“In 1977 I went to Kuwait to sell my timber,” Mr. Garg continues. “It was a coming-up country, and I knew such countries need timber. But I saw they were buying logs from Norway and Sweden that were five to six meters long where mine were less than three meters.

“I went see a friend, Dr. Penzer, from Hamburg, Germany, who was a specialist in forest research. ‘Ten years from now there will be no timber business in India,’ he told me. ‘They will be importing timber from other countries. Why not look at Switzerland?’

“I took his advice. In the  Swiss Alps, I saw cable cars for the first time, and they made a strong impression on me. Years later, I would be reminded of them. Meanwhile, I returned to India, and some years later when the Supreme Court of India outlawed timbering in order to protect the forests, I decided to go in another direction.”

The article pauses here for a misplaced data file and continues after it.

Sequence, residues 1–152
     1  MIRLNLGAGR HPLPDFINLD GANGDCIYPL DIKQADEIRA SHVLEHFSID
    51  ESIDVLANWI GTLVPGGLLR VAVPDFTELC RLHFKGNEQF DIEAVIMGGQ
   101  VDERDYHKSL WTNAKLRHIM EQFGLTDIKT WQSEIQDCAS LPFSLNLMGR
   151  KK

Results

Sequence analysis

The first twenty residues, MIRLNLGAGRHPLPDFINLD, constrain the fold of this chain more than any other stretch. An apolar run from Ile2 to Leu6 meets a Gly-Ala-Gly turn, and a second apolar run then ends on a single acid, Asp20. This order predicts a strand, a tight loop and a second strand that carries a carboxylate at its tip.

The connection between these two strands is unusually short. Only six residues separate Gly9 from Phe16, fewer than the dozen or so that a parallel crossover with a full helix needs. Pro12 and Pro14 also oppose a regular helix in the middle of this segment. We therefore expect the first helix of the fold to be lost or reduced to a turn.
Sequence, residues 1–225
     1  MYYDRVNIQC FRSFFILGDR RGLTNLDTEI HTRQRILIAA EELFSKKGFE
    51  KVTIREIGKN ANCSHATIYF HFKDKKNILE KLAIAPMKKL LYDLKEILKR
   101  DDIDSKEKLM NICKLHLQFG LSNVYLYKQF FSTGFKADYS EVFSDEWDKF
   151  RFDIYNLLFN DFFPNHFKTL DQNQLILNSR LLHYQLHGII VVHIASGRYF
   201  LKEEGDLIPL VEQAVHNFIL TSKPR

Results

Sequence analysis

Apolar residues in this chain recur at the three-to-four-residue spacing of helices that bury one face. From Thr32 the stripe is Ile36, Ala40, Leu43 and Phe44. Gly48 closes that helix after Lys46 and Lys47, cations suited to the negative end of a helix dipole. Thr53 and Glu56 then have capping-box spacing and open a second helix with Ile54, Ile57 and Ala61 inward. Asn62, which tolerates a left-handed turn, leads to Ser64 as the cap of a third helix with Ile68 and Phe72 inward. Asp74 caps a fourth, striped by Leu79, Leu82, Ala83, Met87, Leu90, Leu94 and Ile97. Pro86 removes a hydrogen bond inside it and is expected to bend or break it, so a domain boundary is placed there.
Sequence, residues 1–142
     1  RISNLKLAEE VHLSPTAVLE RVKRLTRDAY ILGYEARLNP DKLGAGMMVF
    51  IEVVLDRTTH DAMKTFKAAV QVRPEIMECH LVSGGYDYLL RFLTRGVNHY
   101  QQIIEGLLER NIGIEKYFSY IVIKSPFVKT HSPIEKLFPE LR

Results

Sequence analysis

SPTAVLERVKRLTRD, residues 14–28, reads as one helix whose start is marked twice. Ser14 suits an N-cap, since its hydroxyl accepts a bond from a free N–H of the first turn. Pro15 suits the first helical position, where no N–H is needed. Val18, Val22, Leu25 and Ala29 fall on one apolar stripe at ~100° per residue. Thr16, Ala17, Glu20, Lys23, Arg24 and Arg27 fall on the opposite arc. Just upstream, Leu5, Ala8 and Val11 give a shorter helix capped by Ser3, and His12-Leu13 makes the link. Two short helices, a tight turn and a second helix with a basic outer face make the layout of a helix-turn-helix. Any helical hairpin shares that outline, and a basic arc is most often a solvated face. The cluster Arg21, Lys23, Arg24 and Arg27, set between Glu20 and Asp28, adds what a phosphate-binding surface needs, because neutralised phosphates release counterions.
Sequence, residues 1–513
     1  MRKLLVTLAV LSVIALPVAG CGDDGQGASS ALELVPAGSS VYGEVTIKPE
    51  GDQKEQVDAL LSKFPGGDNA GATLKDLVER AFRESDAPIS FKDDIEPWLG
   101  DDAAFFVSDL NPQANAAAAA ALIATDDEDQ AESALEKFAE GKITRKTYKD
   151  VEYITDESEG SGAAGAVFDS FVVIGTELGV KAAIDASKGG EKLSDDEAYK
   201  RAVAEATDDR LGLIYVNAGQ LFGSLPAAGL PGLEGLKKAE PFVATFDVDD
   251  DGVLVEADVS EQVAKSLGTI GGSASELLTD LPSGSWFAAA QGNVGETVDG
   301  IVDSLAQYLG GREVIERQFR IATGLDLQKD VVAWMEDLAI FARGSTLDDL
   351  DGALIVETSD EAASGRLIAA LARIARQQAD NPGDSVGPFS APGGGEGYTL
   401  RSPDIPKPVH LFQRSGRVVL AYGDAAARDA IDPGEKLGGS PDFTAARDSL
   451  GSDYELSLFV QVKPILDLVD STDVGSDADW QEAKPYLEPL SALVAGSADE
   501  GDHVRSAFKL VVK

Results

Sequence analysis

The direction would be away from timbering and towards tourism. If he could no longer cut trees on his forested land, Ramesh Garg would build resorts on land he had already cleared.

First came Timber Trail.  Built at the base of a mountain, it opened December 22, 1982. Next  was Timber Trail Heights higher up the mountain. It opened April 26, 1988 concurrent with the debut of the first cable car operation in northern India. He had not forgotten. The sight of cable cars silently drifting over the mountains, seemingly suspended in space, was happening in his own backyard, and he was the one who made it happen. Greeted with excitement and acclaim, they would prove to be a practical source of transportation and available to the local population at no cost, courtesy of the hotelier.

If not for the fact that we were sitting in a lounge of the Moksha Himalaya Spa Resort, we might well think this was the end of the story. But, our host assured us, there remained another chapter in the narrative although it would not take place for another sixteen years. At that time, however, a long-held dream would become reality: namely the opening of a world-class spa resort on the very piece of land he had trekked through the mountains to see up-close a long time long ago.